Anatomy of Alden & Harlow’s Chicken Fried Rabbit

The fried fusion of rabbit and pork belly taps into Michael Scelfo's Midwestern roots.

alden and harlow

Chef Michael Scelfo’s chicken fried rabbit at Alden & Harlow. Photo provided

Alden & Harlow’s Michael Scelfo said his “jaw hit the floor” when Bon Appetit bestowed a Best New Restaurant nomination on his fledgling Harvard Square restaurant last week. One of the standout dishes mentioned in restaurant editor Andrew Knowlton’s ultimate verdict? The chicken fried rabbit with blue cheese and chili oil, a not-so-surprising choice, despite Alden & Harlow’s reputation for vegetable-driven small plates.

On a menu that changes faster than the seasons, this fried nugget of coarsely ground hare has remained firmly entrenched, a buzzed-over dish now receiving as much attention as Scelfo’s cultish “Secret Burger.” Scelfo offers several reasons why he’s been reluctant to swap out this forcemeat of rabbit and pork belly fat—notably that it’s one of the few dishes on Alden & Harlow’s menu to actually utilize his kitchen’s fryers. But this deceptively simple concept—an ode the hearty, gravy-laden fare of the Midwest—strikes a much more personal note with Scelfo.

“I grew up in the Midwest—Kansas City in particular—and chicken fried steak was the thing to eat there,” Scelfo says. “I loved everything about it: the crispy, fried exterior, the creamy béchamel gravy, and the biscuits that came on the side. Those kind of flavors and that style of cooking ended up working its way onto the menu because I love to explore the foods that I grew up with. Overall, I think it’s a really good example of the type of food we do here. It might look simple at first glance, but there’s a lot of legwork and a lot of prep that goes into it.”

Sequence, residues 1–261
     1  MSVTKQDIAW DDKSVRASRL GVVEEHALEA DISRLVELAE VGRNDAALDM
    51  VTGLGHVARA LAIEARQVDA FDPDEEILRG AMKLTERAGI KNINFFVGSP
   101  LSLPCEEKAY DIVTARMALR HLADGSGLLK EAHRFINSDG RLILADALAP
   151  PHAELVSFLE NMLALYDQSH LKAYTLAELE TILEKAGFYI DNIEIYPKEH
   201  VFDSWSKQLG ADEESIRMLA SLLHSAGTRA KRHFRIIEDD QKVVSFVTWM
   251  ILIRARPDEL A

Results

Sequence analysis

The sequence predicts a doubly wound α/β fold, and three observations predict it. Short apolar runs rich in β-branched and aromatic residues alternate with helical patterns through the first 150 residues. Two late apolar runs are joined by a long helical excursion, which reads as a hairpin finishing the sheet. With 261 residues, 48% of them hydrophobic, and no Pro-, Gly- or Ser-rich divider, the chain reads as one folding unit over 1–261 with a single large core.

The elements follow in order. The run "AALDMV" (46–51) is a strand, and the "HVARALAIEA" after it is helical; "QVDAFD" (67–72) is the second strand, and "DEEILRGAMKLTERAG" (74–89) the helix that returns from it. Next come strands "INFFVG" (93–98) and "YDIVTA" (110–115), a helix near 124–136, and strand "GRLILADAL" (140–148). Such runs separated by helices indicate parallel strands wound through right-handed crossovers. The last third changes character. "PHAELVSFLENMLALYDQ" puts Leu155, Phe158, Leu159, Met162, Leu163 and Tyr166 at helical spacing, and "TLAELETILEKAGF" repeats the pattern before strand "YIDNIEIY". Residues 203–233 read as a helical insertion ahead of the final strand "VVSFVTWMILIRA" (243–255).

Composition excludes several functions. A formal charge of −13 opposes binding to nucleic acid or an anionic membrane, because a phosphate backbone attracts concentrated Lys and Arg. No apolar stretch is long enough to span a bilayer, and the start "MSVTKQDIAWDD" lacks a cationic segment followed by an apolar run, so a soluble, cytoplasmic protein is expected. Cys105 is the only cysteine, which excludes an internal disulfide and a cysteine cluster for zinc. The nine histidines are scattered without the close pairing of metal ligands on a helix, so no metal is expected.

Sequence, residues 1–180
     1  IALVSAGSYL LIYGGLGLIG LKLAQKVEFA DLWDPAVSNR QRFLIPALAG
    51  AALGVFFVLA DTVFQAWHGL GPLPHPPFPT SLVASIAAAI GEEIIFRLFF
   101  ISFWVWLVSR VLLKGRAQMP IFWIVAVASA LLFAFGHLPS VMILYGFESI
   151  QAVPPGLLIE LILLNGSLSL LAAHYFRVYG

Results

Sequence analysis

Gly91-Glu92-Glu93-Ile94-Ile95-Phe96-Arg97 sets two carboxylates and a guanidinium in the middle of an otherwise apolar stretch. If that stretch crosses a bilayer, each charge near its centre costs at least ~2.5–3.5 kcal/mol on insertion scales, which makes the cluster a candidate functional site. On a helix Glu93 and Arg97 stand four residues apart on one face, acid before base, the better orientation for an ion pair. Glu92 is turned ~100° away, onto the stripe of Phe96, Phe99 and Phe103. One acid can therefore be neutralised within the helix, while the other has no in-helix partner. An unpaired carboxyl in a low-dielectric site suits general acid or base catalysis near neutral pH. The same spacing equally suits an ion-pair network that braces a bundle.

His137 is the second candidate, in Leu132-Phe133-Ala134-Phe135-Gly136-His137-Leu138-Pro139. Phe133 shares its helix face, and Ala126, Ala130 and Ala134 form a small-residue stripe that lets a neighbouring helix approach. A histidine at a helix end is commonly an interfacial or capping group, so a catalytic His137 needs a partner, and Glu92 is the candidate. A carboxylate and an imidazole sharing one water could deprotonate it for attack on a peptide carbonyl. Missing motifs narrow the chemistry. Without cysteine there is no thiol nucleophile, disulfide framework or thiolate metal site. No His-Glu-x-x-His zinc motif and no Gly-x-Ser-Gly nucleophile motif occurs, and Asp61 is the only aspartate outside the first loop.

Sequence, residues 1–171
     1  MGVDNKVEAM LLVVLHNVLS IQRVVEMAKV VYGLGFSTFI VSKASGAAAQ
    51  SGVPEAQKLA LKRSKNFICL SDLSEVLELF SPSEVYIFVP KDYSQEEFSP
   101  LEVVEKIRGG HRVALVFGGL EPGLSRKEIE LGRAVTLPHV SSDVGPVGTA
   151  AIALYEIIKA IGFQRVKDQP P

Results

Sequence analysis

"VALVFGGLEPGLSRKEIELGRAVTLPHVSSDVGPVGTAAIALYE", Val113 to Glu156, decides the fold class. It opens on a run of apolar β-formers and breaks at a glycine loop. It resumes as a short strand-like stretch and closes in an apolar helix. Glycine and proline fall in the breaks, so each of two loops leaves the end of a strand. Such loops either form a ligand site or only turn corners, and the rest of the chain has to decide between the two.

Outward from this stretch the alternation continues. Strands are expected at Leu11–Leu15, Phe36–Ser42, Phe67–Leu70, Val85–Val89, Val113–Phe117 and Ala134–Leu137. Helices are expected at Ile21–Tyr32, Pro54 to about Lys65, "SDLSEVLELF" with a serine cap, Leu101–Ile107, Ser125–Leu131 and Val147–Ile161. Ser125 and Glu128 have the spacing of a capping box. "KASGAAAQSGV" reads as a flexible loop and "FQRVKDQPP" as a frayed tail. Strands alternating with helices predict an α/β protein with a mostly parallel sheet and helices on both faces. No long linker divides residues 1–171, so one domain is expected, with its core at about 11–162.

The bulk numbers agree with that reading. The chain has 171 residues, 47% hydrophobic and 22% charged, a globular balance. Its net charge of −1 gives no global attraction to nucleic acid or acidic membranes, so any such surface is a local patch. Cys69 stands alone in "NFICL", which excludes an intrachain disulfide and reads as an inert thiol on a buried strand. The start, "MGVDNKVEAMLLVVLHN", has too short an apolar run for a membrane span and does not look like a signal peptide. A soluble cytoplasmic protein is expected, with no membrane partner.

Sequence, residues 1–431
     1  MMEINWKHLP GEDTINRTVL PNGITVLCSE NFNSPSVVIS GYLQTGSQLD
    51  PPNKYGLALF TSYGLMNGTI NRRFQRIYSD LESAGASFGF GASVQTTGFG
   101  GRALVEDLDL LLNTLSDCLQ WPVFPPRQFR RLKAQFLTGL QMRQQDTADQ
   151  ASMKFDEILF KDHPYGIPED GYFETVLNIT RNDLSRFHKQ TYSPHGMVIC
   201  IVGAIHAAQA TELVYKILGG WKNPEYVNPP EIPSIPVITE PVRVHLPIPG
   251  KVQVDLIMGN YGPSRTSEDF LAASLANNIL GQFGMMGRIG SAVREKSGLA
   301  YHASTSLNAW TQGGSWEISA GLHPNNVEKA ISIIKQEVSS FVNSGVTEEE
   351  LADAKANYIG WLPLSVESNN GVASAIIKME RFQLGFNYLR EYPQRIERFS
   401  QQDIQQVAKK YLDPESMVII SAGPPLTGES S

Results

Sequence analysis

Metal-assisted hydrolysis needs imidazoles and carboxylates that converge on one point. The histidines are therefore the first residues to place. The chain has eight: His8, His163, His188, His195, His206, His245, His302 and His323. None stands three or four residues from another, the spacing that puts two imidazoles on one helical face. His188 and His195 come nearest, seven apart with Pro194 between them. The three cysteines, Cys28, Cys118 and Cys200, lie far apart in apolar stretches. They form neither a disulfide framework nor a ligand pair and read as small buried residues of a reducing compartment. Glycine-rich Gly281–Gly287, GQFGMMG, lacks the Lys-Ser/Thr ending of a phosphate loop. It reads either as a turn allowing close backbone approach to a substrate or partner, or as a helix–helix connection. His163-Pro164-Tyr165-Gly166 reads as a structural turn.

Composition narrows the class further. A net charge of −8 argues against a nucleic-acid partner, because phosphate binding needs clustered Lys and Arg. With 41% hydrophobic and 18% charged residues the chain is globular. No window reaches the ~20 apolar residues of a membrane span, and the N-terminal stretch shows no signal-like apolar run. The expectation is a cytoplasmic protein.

Instead of using a beef bottom cutlet or pounded-out cube steak, Scelfo opted to use local rabbit from Feather Brook Farm in Raynham, an ingredient Scelfo admits to having a “love/hate” relationship with. “Like many chefs, I love it personally and whenever I see rabbit on a menu, I always order it,” Scelfo says. “I love breaking them down and working with them, but they’re sometimes a hard sell, even at nicer restaurants. So, I knew I had to make it approachable for the guests.”

In his first rough draft of Alden & Harlow’s menu, printed before he had even opened its doors, you can see a variation of Scelfo’s rabbit entree. But the original version—served with kimchi, honeydew, and Thai basil—would evolve into a much different dish by the time it made its first public appearance in January 2014.

“That dish was literally conceived in a text exchange with my sous chef Dave [Tollerud],” Scelfo says. “We just went back and forth until we had something we could agree on. When we finally hit upon the components that are in it now, I said, ‘that’s it!’ I just knew it would work. Mind you, this was before we had even tried to make it in the kitchen.”

We asked Scelfo to give us a breakdown of his chicken fried rabbit. Here, in his own words, are the ingredients and the influences behind each one.